A practice based on centuries-old methods to rejuvenate the body and mind
The high-spirited Sunderta She Kaur is not kidding when she says people grow up to an inch taller after an aromatherapy session. She was sceptical about that herself before learning the Raindrop technique and becoming a certified trainer in this therapeutic application of essential oils.
"The stress in our daily lives compresses our body. By measuring the height before and after a treatment, we see how essential oils can help realign the spine and make us taller. In addition, when we de-stress and completely relax then we can begin to heal," said the Canadian, who goes by her spiritual name.
Also a certified instructor in kundalini yoga and siu lum (shaolin) qigong staff, Sunderta is the visiting practitioner at The Siam, a luxury riverside hotel at the base of Krung Thon Bridge.
As a part of the hotel's May wellness programme, Kaur gets people started on a personal transformation by introducing them to Asian practices and aromatherapy, which promote balance and wellness when incorporated into daily life.
"Achieving wellness is not about going to a retreat once a year and not doing anything else," she said. "Kundalini yoga, siu lum qigong staff and the Raindrop technique are lifestyle practices. It's hard work as you have to do them every day."
While the hotel's Opium Spa offers an aromatherapy massage, Kaur's repertoire with the Raindrop technique differs in using lighter touches and over seven essential oils, essential blends and massage oils that work at a cellular level.
"Each essential oil is complex with a unique chemistry and energetic profile, and has something different to contribute in promoting wellness," she said. "The first two oils make the cells more receptive, like someone coming in to wake you up and asking 'Are you ready?'. The next three oils do the cleaning and take out the garbage. The remaining two rebuild structure."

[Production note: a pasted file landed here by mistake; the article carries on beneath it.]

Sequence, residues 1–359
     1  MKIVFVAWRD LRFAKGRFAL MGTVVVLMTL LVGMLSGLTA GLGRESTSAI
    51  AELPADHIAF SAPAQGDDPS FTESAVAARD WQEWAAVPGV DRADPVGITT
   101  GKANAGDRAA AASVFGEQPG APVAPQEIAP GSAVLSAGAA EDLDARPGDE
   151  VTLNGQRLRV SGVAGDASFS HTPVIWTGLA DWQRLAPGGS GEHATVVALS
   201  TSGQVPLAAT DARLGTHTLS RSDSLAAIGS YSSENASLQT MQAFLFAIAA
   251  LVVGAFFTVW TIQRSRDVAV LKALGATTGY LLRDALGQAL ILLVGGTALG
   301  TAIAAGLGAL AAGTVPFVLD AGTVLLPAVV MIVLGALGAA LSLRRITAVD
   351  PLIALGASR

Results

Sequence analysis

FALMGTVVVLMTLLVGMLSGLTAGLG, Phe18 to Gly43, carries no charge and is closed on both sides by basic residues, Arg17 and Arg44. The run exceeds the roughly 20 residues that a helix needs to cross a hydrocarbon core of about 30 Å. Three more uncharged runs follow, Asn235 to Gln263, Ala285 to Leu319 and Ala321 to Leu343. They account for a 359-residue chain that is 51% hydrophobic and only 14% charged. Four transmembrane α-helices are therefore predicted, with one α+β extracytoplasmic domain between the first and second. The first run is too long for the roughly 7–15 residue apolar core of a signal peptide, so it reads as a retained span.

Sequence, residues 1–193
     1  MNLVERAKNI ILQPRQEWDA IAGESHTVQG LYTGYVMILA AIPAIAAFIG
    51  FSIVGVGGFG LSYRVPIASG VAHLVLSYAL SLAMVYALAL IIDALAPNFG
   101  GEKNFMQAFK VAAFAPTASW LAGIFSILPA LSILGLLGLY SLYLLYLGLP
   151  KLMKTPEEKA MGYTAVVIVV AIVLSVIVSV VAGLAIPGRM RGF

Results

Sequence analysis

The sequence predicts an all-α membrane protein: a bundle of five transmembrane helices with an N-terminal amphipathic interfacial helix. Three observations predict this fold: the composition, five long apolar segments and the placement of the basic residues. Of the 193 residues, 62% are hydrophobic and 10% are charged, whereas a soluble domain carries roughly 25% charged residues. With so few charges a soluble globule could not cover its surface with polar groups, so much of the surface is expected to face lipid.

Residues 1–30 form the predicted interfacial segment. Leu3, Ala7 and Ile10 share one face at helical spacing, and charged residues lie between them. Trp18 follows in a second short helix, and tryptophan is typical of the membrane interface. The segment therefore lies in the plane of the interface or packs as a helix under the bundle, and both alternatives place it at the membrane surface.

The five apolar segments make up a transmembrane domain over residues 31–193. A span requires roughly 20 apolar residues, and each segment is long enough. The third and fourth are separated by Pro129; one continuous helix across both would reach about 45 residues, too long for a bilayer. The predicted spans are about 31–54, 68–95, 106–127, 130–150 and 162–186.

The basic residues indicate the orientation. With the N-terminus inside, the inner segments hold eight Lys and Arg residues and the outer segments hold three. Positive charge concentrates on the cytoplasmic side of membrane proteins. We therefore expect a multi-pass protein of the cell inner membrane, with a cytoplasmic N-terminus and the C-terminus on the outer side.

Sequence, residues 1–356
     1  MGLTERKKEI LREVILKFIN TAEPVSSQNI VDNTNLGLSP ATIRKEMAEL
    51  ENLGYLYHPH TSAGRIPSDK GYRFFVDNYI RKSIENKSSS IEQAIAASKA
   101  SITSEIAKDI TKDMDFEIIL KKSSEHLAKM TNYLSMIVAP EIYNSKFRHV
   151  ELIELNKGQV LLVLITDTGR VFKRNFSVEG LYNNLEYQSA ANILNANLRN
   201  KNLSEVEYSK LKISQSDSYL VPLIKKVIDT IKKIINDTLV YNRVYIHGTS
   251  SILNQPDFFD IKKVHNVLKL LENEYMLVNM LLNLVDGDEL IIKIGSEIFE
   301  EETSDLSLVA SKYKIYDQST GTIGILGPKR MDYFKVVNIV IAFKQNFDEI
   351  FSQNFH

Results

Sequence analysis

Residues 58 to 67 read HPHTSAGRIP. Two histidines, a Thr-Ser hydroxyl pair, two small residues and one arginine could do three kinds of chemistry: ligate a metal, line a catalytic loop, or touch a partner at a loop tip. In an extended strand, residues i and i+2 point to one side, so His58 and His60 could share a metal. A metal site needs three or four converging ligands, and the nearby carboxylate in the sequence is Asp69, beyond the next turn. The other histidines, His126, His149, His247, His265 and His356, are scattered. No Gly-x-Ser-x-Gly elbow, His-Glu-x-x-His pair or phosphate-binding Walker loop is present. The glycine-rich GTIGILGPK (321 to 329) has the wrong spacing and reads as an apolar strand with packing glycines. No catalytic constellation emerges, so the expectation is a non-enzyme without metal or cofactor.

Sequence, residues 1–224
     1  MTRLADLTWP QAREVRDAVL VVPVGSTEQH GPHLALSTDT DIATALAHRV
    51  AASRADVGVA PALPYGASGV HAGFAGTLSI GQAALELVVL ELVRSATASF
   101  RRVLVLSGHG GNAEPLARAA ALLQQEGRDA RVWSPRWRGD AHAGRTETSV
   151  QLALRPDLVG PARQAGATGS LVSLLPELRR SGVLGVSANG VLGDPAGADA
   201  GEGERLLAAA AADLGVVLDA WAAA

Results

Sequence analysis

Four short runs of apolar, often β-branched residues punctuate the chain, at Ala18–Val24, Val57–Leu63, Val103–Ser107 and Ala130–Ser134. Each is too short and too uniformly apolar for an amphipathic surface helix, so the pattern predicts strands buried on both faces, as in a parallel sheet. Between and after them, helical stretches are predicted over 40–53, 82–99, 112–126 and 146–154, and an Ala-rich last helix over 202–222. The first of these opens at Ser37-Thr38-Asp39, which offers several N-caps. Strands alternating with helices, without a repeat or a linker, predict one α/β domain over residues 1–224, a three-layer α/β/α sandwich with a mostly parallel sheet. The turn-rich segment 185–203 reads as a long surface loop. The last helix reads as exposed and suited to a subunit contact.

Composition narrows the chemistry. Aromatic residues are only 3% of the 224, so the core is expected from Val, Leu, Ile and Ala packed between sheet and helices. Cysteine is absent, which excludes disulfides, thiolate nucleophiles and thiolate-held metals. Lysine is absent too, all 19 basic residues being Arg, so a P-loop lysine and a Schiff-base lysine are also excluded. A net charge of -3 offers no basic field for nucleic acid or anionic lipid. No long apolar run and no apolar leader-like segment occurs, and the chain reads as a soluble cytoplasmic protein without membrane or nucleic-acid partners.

Similar to having a massage, the first sequence will have you relaxed in a supine position. Kaur applies the essential oils on the inner arch line of the feet at reflex points that relate to parts of the body.
Sunderta She Kaur.
Rolling over in a prone position, she works on the back along the spine gently dropping the potent essential oils and employing a feathering stroke technique inspired by healing traditions used by the native American Lakota tribe.
The Vitaplex technique's pumping motion is also used during the 75-90 minutes session, which aims to induce a deep-relaxed state while aligning and balancing mind and body.
"The rejuvenating effects last several days as the essential oils continue to work in their own way," she explained. "Though, only pure therapeutic essential oils can be used directly on the body. Not only during this treatment but essential oils in their purest form are meant to be used every day, as a natural way to promote balance and wellness."
Peppermint essential oil, for instance, is associated with the digestive, respiratory and nervous systems whereas wintergreen supports muscles and bones.
Versatile lavender essential oil is known to balance the mind and body, and will work wherever there is a need. It can boost stamina and energy, as well as helping you to unwind before going to bed.
"Each essential oil has a certain frequency and will go to the cells and tissues where it is needed in the body. When using essential oils, we want to create a relationship with the natural essences and be open to receiving them," she said.
Everything in life has an energy and frequency, Kaur added, and siu lum qigong staff is a form of energy practice that promotes vitality and longevity.
"It looks simple but you're working with the breath and internal energy through postures holding the bamboo staff to create an alignment. The exercise supports the flow of life force energy or qi that impacts the function of vital organs such as heart, lungs and kidneys," she explained.
Sharing some similarity with qigong, kundalini yoga raises awareness of self, of body and mind through breath (pranayama), movement, posture (asana), exercise (kriya), sound or mantra, music, deep relaxation and meditation.
"Kundalini yoga and siu lum qigong staff were uncommonly taught practices, but today, we can experience this ancient wisdom and integrate into our busy day-to-day life for more balance and wellness. These are practices that everyone can do," she said.
Email firstname.lastname@example.org or call The Siam Hotel on 02-206-6999 or 094-678-7447.
The Raindrop technique delivers therapeutic effects of essential oils.